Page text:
Transcriptional Channelopathies of the Nervous System

Abstract

Recent studies have provided evidence for the existence of transcriptional channelopathies, which result from dysregulated expression of nonmutated channel genes. Examples of this new class of disorders are provided by peripheral nerve injury which triggers spinal sensory neurons to turn off some previously active sodium channel genes and turn on other previously silent sodium channel genes, a set of changes that can produce hyperexcitability of these cells, and by changes in sodium channel gene expression that may perturb cerebellar function in multiple sclerosis.

Keywords: ion channel; gene transcription; neurological disease; voltage‐gated sodium channel

Figure 1.

Channelopathies can occur as a result of several types of molecular pathology. Genetic channelopathies are the result of mutations in the genes encoding channel proteins. In the autoimmune and toxic channelopathies, the binding of autoantibodies or toxins to channels alters their function. Transcriptional channelopathies are due to dysregulated expression of nonmutated genes which results in the production of an abnormal repertoire of channels whose protein structure is not abnormal.

Figure 2.

Spinal sensory neurons and their axons can become hyperexcitable after nerve injury. This intracellular recording shows repetitive action potential activity in a previously transected, regenerating axon from rat sciatic nerve (1 year postcrush) following blockade of potassium channels with 4‐aminopyridine. The repetitive impulses arise from a prolonged depolarization that follows the first action potential. This bursting and the slow depolarization are not seen in uninjured axons. (Modified from Kocsis and Waxman .)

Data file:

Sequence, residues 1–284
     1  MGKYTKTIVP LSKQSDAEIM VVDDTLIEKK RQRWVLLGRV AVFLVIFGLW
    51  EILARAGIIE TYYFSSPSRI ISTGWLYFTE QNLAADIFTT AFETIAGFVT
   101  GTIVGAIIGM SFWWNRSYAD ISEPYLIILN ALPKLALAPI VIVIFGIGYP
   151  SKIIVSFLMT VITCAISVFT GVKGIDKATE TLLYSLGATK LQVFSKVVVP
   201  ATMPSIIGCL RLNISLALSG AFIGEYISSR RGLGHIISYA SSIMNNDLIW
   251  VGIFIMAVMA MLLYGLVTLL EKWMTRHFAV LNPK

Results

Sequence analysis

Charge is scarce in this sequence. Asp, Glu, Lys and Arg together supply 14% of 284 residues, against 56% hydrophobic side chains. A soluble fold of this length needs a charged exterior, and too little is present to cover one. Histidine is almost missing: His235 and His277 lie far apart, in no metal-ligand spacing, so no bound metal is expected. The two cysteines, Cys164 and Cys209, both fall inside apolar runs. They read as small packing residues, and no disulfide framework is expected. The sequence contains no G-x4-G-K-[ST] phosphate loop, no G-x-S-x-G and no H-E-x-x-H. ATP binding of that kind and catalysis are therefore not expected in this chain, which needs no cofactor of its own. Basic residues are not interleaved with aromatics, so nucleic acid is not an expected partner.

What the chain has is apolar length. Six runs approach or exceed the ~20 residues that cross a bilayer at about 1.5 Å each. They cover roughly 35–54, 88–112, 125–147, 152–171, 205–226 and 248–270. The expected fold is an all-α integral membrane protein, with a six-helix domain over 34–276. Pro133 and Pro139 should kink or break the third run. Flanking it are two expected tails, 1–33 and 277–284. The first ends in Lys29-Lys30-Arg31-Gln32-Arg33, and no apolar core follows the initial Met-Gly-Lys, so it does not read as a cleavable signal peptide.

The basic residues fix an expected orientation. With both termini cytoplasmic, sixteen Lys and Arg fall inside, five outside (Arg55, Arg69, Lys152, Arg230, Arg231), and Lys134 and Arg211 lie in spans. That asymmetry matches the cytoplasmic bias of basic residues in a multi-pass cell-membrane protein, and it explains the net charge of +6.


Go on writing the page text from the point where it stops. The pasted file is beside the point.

Figure 3.

Sodium channel gene expression is altered following transection of the axons of dorsal root ganglion (DRG) neurons. SCN10A (Nav1.8) (top row) and SCN11A (Nav1.9) (middle row) sodium channel genes turn off, while the SCN3A (Nav1.3) sodium channel gene turns on in DRG neurons (lower row) following axonal transection within the sciatic nerve. Micrographs (right column) show in situ hybridizations in control DRG and 5–7 days following axotomy. Gels (left) show reverse transcriptase polymerase chain reaction (RT‐PCR) products following coamplification of Nav1.8 (top left) and Nav1.3 mRNA (bottom left) together with β‐actin transcripts in control (C) and axotomized DRG (A) (days postaxotomy indicated above gels), with computer‐enhanced images of amplification products shown below the gels. Coamplification of Nav1.9 and glyceraldehyde‐3‐phosphate dehydrogenase (GAPDH) (middle row, left) shows decreased expression of Nav1.9 mRNA at 7 days' postaxotomy (lanes 2, 4, 6) compared with uninjured controls (lanes 1, 3, 5). (Upper and lower panels modified from Dib‐Hajj et al. and middle panels from Dib‐Hajj et al..)

Figure 4.